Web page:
The notorious urban enforcers have a history of violence. When they beat a street egg vendor in Neijiang, public fury followed, and the authorities had to back off.
by He Biya
Can law enforcement officers in China abuse citizens as much as they want? Yes, in general, but now citizens have started to protest. Social media may make their protests known nationwide, and sometimes the CCP authorities are compelled to investigate and apologize—although it is well possible that, once the incident is forgotten, those who denounced it rather than the abusive agents would be punished.
“Chengguan” (城管) agents are part of the Urban Administrative and Law Enforcement Bureaus that exist in Chinese cities to take care of street crime. The agents are not technically part of the police but are authorized to repress petty crime and even administrative violations with a considerable amount of violence. There have been several incidents where chengguan agents have beaten their victims to death.
On June 13, chengguan agents in the Dongxing district of the prefecture-level city of Neijiang, Sichuan province, approached several street vendors and told them their stalls were outside of the designated areas and they should relocate there. A man called Zhong, who was selling eggs, started a discussion and was badly beaten by six chengguan agents.
Many gathered in protest, dozens of protesters became hundreds and thousands, and the regular police had to intervene and disperse the crowd.
What was different from similar incidents is that somebody filmed the scene and posted it on Weibo. The video was, of course, cancelled but had been reposted by thousands of netizens and before all social media were “cleaned” it had been seen by hundreds of thousands of Chinese.
This compelled the CCP to back off. On June 14, a press release was published stating that “the Dongxing District Committee and District Government attach great importance to the incident and have immediately established a joint investigation team composed of public security, judicial, and disciplinary inspection departments.” Citizens were assured that “Following the incident, the six mobile patrol members were immediately suspended from duty and required to cooperate with the investigation. Currently, the relevant investigation work is being further carried out, and subsequent actions will be taken in accordance with the investigation results and in compliance with regulations and disciplinary measures.”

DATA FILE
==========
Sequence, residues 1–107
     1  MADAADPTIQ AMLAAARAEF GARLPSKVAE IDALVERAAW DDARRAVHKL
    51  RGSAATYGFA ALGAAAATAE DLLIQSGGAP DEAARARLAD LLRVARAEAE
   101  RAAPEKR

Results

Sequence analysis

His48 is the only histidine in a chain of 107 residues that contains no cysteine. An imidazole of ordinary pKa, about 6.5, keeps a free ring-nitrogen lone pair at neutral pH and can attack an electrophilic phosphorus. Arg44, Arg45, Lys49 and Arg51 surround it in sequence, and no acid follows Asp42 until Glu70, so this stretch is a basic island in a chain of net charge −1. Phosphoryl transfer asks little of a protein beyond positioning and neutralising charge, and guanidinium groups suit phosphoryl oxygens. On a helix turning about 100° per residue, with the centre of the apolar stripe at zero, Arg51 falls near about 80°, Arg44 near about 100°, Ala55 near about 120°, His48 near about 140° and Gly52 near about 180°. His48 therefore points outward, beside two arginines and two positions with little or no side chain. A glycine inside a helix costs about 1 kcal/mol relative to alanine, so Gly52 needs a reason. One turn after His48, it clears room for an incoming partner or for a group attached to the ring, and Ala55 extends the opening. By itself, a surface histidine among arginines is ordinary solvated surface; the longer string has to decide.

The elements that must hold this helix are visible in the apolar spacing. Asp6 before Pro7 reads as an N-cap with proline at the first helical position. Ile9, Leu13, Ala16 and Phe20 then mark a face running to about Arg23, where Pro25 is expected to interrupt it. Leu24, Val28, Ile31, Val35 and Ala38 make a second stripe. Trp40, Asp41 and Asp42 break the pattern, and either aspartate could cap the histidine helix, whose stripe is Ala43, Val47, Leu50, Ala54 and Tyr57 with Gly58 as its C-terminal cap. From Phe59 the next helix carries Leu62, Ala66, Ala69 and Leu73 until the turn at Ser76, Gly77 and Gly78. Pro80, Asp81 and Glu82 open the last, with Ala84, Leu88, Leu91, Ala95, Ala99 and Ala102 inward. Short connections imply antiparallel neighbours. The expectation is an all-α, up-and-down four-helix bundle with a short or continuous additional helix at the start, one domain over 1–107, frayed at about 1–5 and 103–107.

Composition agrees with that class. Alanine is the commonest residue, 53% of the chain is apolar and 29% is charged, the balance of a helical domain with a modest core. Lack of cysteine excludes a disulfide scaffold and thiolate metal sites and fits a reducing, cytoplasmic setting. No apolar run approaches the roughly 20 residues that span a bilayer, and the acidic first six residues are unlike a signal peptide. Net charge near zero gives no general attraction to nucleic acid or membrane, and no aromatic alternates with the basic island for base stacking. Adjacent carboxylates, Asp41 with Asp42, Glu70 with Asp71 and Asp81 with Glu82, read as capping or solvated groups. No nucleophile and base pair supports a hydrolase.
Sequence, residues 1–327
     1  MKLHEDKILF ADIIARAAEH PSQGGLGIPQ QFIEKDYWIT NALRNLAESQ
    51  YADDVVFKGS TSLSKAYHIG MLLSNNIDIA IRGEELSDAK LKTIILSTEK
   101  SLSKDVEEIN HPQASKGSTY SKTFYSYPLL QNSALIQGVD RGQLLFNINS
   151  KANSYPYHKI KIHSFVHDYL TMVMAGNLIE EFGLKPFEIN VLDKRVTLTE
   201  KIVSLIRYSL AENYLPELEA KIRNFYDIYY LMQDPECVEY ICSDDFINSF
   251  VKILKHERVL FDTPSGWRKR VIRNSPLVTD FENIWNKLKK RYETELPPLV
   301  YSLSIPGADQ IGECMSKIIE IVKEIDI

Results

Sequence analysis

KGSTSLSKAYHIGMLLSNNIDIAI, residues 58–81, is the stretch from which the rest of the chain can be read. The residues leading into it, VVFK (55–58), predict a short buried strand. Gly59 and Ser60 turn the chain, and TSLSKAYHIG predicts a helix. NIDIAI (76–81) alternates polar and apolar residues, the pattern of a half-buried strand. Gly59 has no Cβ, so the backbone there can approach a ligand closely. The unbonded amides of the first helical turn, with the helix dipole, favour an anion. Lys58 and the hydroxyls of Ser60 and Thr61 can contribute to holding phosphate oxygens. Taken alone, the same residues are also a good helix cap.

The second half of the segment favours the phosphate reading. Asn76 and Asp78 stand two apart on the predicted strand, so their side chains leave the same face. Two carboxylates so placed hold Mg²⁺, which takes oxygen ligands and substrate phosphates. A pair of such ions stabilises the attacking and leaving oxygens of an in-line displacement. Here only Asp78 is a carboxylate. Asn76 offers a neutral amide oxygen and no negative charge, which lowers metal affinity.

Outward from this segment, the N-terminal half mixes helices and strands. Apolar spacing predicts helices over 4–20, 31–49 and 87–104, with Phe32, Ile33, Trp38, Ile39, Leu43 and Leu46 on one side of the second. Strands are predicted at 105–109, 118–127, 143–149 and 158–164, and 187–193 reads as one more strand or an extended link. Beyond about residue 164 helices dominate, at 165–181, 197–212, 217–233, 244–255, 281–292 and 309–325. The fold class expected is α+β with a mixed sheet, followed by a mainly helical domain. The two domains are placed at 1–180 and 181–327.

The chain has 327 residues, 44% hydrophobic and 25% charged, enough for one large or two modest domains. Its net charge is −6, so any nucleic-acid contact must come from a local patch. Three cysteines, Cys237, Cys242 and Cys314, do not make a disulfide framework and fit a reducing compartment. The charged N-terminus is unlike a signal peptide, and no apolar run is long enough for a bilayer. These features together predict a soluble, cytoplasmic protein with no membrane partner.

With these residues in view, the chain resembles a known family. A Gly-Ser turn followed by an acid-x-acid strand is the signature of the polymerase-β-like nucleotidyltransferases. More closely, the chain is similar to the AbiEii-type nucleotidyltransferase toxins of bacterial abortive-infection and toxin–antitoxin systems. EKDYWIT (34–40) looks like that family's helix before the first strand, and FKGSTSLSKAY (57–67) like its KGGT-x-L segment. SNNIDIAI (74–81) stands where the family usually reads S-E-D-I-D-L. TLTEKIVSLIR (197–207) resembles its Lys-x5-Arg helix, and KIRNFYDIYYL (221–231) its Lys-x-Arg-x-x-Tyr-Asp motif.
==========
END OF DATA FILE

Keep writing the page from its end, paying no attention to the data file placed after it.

What will happen next is anybody’s guess. Probably the violent chengguan agents will quietly return to work, perhaps in another district, and there will be ways to punish the egg vendor and his friends.
However, on a small, local scale the incident confirmed, after the Zero COVID protests and national scandals such as the “chained mother of eight,” that Chinese citizens are no longer willing to always passively tolerate the CCP violence. To be clear, it would be wishful thinking to expect that these micro protests may escalate into massive riots threatening the regime. But they are small signs that something is moving.